The six biggest U.S. banks, led by JPMorgan Chase & Co. (JPM) and Bank of America Corp., have piled up $103 billion in legal costs since the financial crisis, more than all dividends paid to shareholders in the past five years.
Bank of America, led by Chief Executive Officer Brian T. Moynihan increased its legal costs by $3.3 billion in the first half to a total of $19.1 billion.
That’s the amount allotted to lawyers and litigation, as well as for settling claims about shoddy mortgages and foreclosures, according to data compiled by Bloomberg. The sum, equivalent to spending $51 million a day, is enough to erase everything the banks earned for 2012.
The mounting bills have vexed bankers who are counting on expense cuts to make up for slow revenue growth and make room for higher payouts. About 40 percent of the legal and litigation outlays arose since January 2012, and banks are warning the tally may surge as regulators, prosecutors and investors press new claims. The prospect is clouding outlooks for stock prices, and by some estimates the damage could last another decade.
“They’ve crossed the point of no return when it comes to the effects that these expenses are going to have on earnings,” said Jeffrey Sica, who helps oversee more than $1 billion as head of Sica Wealth Management LLC in Morristown, New Jersey, and doesn’t recommend bank stocks. “This is going to keep on hurting them, and people will start paying more attention.”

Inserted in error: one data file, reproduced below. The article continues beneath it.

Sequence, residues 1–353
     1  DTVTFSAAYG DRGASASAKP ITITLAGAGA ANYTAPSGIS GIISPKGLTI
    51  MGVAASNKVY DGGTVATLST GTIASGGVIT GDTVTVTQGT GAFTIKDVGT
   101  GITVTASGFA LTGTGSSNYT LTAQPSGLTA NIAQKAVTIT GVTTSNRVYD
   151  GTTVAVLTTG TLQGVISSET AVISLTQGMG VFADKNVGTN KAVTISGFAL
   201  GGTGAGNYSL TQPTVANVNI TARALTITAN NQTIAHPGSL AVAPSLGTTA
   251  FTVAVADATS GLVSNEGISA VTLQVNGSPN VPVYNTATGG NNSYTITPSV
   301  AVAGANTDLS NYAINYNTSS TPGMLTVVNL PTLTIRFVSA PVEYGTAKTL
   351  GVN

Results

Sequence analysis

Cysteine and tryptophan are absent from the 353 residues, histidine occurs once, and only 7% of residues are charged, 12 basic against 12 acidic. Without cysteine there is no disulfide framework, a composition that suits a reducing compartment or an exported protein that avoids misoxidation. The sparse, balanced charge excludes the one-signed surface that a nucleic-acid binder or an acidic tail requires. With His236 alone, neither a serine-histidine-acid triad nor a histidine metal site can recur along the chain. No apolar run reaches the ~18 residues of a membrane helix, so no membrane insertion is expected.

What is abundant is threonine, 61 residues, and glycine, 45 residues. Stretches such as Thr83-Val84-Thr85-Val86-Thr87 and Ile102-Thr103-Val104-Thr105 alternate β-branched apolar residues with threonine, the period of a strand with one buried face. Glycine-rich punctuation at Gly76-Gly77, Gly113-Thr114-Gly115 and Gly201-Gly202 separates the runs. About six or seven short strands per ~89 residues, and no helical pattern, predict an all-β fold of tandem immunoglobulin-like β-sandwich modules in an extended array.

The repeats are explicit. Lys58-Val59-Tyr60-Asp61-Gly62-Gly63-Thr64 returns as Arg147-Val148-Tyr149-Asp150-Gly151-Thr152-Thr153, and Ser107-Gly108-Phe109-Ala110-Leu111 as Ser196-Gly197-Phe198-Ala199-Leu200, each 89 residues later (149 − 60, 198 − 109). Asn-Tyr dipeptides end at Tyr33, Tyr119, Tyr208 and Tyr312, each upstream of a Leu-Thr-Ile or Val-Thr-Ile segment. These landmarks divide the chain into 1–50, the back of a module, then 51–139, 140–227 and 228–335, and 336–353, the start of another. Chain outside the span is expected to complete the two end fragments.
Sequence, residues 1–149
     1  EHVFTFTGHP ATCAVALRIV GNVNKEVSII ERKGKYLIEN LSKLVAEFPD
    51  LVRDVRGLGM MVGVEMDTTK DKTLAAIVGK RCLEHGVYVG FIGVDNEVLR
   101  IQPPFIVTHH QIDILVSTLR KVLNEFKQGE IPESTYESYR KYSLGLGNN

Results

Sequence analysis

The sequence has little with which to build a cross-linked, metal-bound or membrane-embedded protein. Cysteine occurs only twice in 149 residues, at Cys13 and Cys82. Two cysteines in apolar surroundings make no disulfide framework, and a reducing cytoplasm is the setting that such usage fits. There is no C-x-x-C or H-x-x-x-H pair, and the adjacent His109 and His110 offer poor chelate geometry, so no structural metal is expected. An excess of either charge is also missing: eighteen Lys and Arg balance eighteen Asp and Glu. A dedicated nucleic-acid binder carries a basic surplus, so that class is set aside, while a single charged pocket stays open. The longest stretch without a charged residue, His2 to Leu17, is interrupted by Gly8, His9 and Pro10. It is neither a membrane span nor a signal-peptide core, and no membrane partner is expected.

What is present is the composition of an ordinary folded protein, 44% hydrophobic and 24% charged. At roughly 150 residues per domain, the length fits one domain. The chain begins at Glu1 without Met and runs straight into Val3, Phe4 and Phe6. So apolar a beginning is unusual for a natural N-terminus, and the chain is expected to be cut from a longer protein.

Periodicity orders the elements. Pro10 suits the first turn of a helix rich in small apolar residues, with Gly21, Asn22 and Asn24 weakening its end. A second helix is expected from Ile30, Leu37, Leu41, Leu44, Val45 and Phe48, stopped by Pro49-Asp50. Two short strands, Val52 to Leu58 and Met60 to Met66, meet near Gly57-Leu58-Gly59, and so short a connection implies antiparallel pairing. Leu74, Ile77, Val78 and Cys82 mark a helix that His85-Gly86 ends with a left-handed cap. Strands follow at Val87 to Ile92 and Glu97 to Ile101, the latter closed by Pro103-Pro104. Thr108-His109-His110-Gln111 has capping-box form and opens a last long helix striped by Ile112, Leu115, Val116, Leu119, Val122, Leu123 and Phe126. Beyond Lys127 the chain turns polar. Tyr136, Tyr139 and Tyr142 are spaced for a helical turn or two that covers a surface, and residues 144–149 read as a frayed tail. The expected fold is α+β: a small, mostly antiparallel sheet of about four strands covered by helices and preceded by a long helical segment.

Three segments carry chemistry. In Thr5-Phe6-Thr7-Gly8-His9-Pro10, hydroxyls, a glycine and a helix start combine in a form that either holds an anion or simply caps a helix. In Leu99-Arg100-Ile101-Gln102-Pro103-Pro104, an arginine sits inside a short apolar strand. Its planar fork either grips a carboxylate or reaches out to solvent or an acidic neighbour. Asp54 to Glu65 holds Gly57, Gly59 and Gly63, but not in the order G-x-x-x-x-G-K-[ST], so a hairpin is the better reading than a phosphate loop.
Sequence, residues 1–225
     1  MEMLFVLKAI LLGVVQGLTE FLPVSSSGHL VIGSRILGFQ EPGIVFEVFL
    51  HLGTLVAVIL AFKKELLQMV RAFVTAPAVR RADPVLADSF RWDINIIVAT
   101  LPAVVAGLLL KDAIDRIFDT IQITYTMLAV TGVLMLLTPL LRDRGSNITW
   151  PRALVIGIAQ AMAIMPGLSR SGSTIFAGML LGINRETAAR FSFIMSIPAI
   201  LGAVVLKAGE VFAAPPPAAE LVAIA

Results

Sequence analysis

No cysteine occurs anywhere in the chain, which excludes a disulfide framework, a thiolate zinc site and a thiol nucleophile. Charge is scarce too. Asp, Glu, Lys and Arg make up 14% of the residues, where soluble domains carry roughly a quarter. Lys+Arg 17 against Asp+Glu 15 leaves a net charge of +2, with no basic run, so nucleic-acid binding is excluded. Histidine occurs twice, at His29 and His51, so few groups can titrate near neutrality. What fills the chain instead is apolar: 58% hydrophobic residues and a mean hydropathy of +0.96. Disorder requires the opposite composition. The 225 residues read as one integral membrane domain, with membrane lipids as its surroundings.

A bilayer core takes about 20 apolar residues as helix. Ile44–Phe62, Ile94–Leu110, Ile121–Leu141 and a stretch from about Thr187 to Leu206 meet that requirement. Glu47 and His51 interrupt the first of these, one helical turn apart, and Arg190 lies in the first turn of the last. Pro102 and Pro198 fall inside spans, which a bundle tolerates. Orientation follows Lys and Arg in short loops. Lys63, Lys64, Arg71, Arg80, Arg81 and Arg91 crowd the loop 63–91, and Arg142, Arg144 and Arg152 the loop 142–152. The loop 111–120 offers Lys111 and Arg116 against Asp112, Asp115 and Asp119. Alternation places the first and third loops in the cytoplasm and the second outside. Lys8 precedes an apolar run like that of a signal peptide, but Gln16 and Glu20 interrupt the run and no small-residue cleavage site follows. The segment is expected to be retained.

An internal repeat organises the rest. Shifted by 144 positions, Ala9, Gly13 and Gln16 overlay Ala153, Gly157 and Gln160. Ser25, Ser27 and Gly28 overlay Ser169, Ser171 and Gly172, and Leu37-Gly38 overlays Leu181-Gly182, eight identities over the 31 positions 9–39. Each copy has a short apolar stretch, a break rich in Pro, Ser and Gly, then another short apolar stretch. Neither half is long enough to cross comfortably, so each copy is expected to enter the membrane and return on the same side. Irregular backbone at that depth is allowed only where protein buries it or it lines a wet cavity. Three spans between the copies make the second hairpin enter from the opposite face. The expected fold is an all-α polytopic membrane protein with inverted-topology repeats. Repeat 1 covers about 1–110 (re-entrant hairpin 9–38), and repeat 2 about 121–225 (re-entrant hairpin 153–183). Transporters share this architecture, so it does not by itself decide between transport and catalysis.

JPMorgan and Bank of America bore about 75 percent of the total costs, according to the figures compiled from company reports. JPMorgan devoted $21.3 billion to legal fees and litigation since the start of 2008, more than any other lender, and added $8.1 billion to reserves for mortgage buybacks, filings show.
Five years after the financial crisis shook global markets, banks are facing accusations that they misled buyers of mortgage-backed securities, rigged interest rates used to price loans worldwide and manipulated markets for credit derivatives and commodities. U.S. Attorney General Eric Holder told the Wall Street Journal this month that he’ll bring new cases tied to the financial crisis in the months ahead.
Investigators may be stepping up efforts now that the economy has recovered and the solvency of the nation’s banks is no longer in doubt, according to Daniel Hurson, a former U.S. prosecutor and Securities and Exchange Commission lawyer who runs his own Washington practice.
“There may be a sense that financial institutions have gotten away with a lot and maybe now is the time to catch up,” Hurson said.